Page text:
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European Commission

Press release

Brussels, 28 January 2014

Data Protection Day 2014: Vice-President Reding calls for a new data protection compact for Europe

Two years after the European Commission proposed a major reform of the EU’s data protection rules to make them fit for the 21st century (IP/12/46), considerable progress has been made (MEMO/14/60 from 27 January). In October 2013, the European Parliament's leading Committee on Civil Liberties, Justice and Home Affairs (LIBE) voted by a large majority to back the Commission’s proposals (MEMO/13/923). Ministers in the Justice Council have meanwhile held numerous discussions on the proposals but not yet agreed on a mandate to start negotiations with the European Parliament. Today, on European Data Protection Day, Vice-President Viviane Reding, the EU’s Justice Commissioner in a speech at the Centre for European Policy Studies (CEPS) called for a "Data Protection Compact for Europe" (SPEECH/14/62). European Commission experts will answer questions about data protection in a live Twitter chat from 12.00 to 13.30 CET. Join the chat using the #EUdataP and #EUchat hashtags.

“We need to get serious on data protection. The European Parliament understood and its LIBE committee voted in October for a strong Regulation, with credible sanctions to ensure European rules are respected. Last week in Athens, the three institutions – the European Commission, the two European Parliament rapporteurs and the Greek and incoming Italian Presidencies of the EU – agreed on a roadmap to get the data protection reform agreed before the end of this year. Considering that the 1995 Data Protection Directive took five years to negotiate, this is a rather good result. This is also in line with the conclusions reached by Heads of State and Government at their October European Summit at which they agreed that the data protection Regulation should be in place in all Member States by latest 2015," said Vice-President in her speech when commenting on the speed of the negotiations.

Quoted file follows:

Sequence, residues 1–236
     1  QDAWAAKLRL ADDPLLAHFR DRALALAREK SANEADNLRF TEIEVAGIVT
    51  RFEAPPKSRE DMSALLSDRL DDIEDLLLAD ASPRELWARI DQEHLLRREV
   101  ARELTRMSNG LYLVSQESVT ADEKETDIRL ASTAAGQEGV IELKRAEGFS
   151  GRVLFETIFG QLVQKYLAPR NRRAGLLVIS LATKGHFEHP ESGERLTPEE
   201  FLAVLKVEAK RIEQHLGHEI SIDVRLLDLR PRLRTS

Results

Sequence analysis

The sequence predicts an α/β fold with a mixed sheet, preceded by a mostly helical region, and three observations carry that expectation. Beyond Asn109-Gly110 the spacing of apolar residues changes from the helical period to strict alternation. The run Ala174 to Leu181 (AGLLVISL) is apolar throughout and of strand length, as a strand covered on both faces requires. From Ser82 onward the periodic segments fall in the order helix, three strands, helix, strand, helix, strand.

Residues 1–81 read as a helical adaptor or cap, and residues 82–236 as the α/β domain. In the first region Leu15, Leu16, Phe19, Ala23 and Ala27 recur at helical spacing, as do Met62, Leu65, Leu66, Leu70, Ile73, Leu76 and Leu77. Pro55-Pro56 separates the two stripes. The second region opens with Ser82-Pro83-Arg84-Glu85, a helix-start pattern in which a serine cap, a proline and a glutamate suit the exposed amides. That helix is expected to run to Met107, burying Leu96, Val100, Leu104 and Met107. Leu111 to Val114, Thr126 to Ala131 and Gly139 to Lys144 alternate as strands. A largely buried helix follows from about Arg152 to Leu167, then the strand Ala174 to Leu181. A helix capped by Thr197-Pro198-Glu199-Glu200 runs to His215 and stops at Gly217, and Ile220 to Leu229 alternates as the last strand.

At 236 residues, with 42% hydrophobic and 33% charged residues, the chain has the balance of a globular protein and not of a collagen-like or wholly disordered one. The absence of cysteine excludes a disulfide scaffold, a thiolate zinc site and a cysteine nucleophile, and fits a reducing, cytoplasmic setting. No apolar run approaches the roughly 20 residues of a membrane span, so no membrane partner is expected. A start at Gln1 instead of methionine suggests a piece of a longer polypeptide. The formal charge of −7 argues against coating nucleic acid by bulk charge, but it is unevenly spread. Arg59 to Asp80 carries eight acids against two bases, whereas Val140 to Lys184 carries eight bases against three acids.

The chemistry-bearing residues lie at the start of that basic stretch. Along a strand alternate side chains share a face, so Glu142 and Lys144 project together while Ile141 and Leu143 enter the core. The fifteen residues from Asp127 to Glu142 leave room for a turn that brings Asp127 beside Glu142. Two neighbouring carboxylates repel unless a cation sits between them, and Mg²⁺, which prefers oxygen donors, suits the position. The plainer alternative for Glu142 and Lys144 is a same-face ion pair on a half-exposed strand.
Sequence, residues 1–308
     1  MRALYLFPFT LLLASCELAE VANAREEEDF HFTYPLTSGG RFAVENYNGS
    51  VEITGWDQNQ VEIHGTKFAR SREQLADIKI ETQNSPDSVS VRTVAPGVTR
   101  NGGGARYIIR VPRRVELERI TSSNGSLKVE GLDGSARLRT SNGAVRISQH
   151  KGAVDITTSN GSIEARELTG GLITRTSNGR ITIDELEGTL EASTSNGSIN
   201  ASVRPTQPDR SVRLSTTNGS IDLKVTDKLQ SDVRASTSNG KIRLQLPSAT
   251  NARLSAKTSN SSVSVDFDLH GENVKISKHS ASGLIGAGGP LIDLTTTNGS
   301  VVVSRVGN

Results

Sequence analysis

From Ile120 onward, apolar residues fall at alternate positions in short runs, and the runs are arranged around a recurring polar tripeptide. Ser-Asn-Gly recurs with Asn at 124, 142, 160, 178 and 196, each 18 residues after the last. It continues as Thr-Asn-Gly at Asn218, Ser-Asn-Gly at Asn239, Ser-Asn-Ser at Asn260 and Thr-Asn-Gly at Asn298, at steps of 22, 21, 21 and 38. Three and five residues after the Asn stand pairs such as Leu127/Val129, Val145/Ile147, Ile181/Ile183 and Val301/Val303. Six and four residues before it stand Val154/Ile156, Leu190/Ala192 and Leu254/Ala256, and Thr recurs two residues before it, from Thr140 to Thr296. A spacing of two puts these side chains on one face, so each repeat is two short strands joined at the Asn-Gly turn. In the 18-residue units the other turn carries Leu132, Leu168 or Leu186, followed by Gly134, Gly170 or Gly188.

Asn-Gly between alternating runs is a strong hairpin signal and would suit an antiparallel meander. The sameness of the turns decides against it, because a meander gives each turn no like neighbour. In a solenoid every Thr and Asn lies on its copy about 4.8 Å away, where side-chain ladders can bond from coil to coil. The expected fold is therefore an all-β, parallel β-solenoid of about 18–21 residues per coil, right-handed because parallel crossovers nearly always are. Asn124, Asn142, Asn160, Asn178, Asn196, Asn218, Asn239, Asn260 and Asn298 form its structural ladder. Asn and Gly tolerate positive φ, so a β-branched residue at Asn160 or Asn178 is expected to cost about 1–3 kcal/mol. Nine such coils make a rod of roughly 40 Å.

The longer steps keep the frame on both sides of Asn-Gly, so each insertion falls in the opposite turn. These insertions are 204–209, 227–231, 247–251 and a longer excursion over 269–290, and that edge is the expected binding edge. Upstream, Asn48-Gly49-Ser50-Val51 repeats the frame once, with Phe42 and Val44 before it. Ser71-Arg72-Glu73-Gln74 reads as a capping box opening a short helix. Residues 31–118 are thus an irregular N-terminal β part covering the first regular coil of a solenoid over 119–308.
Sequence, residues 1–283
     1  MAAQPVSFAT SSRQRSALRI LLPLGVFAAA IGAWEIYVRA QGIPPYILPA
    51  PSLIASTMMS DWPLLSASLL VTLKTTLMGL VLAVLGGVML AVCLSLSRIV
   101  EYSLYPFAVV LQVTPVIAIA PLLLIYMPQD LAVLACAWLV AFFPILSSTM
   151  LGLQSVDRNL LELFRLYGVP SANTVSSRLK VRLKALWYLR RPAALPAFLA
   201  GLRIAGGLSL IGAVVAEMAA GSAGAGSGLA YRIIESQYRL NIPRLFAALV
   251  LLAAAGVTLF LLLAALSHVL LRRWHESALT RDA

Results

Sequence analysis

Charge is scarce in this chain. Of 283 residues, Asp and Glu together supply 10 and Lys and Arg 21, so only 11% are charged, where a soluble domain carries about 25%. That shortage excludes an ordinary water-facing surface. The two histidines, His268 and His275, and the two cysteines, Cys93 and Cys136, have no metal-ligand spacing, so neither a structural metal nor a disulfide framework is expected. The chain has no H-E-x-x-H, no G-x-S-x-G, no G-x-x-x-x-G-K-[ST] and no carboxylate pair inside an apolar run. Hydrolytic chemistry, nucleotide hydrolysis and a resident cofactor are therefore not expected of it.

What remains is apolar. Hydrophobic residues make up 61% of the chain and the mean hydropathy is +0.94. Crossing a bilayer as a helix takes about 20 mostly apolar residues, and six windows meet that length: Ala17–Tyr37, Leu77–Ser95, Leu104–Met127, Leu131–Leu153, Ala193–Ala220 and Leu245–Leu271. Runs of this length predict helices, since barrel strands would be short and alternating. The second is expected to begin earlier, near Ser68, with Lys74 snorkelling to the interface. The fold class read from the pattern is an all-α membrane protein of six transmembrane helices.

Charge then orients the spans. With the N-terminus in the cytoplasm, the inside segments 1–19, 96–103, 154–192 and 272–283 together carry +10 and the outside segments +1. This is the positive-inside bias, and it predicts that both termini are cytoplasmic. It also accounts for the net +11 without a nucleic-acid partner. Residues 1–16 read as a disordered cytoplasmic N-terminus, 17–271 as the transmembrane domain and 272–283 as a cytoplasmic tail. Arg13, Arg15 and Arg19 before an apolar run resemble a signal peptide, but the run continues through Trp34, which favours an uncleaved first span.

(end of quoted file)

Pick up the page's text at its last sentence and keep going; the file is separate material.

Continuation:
She also said: "If the EU wants to be credible in its efforts to rebuild trust, if it wants to act as an example for other continents, it also has to get its own house in order. (…)"

According to Vice-President Reding the appropriate solution for restoring trust – in the transatlantic relations and in the way companies and governments handle citizens' data – is a Data protection Compact for Europe. It should be based on eight principles:

  • "We need the Data Protection Reform in the statute book. I wish to see full speed on data protection in 2014."

  • "The reform should not distinguish between the private and the public sector. Citizens would simply not understand a split in times when the public sector collects, collates and sometimes even sells personal data. It is also a very difficult distinction to draw when a local authority can buy storage space on a private cloud."